Tuesday, August 4, 2009

Louis Armstrong

Louis Armstrong often stated in interviews that he was born on July 4, 1900. It wasn't until more than a decade after his death, that the real birth date of August 4, 1901 was discovered after careful examination of baptismal records in New Orleans. His birth was recorded as "out-of-wedlock black child"

Louis Daniel Armstrong was born into a very poor family in New Orleans, Louisiana and was the grandson of a slave. His father abandoned the family when Louis was an infant and his mother left him and his sister in the care of their grandmother or an uncle for periods of time. He attended the Fisk school, but often hung out at nearby clubs and dance halls to listen to the music. He earned some money by delivering papers, hauling coal and other odd jobs. He dropped out of school at age 11 and joined up with three other boys in similar straits to sing for money on the streets. He learned to play the cornet and bought his first one with money he received from a Jewish immigrant family named Karnofsky. The Karnofsky's owned a junk hauling business. Louis did odd jobs for them and the family took him in as practically one of their own. They nurtured and fed him. Armstrong always wore a "Star of David" on his lapel as a symbol of gratitude to the family for the rest of his life.

Armstrong often got in trouble as a youth and was sent to The New Orleans Home for Colored Waifs - most notably for general delinquency. It was while there, that he began to really develop his cornet playing. His first real music instructor was Professor Peter Davis. Davis eventually made Armstrong the band leader for The Home's band. The band was well known in the city in part due to the obvious talent of its' young leader.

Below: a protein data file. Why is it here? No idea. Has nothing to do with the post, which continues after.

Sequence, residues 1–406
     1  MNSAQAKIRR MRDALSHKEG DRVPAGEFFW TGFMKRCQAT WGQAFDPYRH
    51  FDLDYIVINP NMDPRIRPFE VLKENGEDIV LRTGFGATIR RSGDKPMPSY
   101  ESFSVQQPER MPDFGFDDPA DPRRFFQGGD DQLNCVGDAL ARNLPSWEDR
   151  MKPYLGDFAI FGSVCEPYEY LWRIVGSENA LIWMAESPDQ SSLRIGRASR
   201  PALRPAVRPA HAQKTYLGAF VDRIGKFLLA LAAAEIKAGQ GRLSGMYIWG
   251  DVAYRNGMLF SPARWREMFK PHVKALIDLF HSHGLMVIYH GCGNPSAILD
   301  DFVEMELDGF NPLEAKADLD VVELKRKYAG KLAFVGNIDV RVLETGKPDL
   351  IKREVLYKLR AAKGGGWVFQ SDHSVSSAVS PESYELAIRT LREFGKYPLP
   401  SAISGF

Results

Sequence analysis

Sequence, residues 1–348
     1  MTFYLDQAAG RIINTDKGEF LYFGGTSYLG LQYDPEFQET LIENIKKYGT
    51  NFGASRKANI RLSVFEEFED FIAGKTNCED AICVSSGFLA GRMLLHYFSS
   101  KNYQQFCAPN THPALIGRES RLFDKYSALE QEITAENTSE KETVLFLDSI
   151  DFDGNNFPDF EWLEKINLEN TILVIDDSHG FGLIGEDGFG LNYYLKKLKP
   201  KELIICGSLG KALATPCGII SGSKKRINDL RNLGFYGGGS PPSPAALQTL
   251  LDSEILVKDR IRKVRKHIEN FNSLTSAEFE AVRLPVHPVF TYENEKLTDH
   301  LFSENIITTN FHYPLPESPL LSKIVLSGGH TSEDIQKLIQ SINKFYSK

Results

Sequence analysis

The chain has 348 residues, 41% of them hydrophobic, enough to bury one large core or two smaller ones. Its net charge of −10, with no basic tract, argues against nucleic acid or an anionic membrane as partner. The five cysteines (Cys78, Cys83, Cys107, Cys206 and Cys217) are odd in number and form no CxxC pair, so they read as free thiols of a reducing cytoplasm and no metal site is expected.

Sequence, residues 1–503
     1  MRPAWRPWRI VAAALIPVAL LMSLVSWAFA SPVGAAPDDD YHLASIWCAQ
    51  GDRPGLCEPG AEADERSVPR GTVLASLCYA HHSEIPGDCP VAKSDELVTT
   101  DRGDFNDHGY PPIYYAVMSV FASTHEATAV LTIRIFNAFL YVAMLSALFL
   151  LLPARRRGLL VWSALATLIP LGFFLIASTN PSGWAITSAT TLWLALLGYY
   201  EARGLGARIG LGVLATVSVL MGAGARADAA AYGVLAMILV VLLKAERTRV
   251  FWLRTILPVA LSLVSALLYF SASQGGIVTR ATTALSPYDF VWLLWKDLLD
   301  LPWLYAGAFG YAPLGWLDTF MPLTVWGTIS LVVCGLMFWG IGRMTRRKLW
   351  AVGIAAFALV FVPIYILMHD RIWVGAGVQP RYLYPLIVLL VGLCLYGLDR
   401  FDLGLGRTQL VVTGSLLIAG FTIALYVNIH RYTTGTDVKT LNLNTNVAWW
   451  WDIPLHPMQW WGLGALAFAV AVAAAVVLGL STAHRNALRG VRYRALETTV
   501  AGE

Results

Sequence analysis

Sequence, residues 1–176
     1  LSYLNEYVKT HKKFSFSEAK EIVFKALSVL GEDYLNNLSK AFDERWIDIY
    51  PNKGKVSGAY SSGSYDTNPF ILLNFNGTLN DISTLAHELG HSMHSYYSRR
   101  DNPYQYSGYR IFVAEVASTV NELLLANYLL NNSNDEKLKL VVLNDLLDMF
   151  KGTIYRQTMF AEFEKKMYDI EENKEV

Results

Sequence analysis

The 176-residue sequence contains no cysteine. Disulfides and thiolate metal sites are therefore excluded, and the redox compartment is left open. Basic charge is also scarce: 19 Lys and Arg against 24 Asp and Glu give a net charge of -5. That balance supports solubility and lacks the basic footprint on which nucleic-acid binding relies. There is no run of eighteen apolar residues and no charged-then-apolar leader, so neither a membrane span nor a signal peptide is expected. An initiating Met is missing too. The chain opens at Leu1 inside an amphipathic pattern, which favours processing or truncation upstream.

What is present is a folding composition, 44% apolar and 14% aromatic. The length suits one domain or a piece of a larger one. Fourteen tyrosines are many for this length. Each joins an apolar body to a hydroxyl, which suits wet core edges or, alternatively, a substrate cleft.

After his release from The Home, at age 14, he lived briefly with his father, then his mother and then back on the streets. He got his first real gig as a musician at a dance hall. He hauled coal by day and played cornet at night.

Armstrong's first marriage was to Daisy Parker on March 19, 1918, The marriage didn't last long and she died not long after they divorced. They had adopted the mentally disabled 3 year old son of Armstrong's cousin. Armstrong, took care of the boy the rest of his life.

In 1919, he replaced King Oliver in Kid Ory's band and was soon promoted to first cornet. He also played first trumpet for a jazz society brass band and did a lot of work as a riverboat musician. He learned to read music and found his own unique styling and sound for his solo work. In 1922, Armstrong was invited by his mentor, King Oliver, to come to Chicago, so he joined a growing migration of New Orleans musicians who headed north. Race relations were not good in Chicago, but there was a lot of work for black people and they had money to spend on entertainment. Armstrong would not have to supplement his income with a day labour job up north. Jazz music ruled in Chicago at the time and Armstrong lived like a king for the first time in his life!

Armstrong did his first recordings in Chicago. Although a successful musician with Oliver's band, Louis' second wife, pianist Lil Hardin Armstrong encouraged him to branch out on his own and develop his style further. She got him to play more classical pieces while in church and to spruce up his attire to make him look more professional. He played with Fletcher Henderson for a year and also travelled to New York to work in various clubs and on recordings.

Louis Armstrong had also been working on his singing and patter to include with the musical act. He worked on numerous recordings in the Chicago area and for a time was actually a part of his wife's band. After they separated, Louis worked in a band with Earl Hines on piano, for Joe Glaser - an associate of Al Capone.

In 1929, he returned to New York and worked in the pit orchestra for the all black revue "Hot Chocolate". Armstrong often stole the show with his cameo performance of "Ain't Misbehavin'" - which also became one of his most successful recordings. His recordings of "Stardust" and "Lazy River" were also big hits.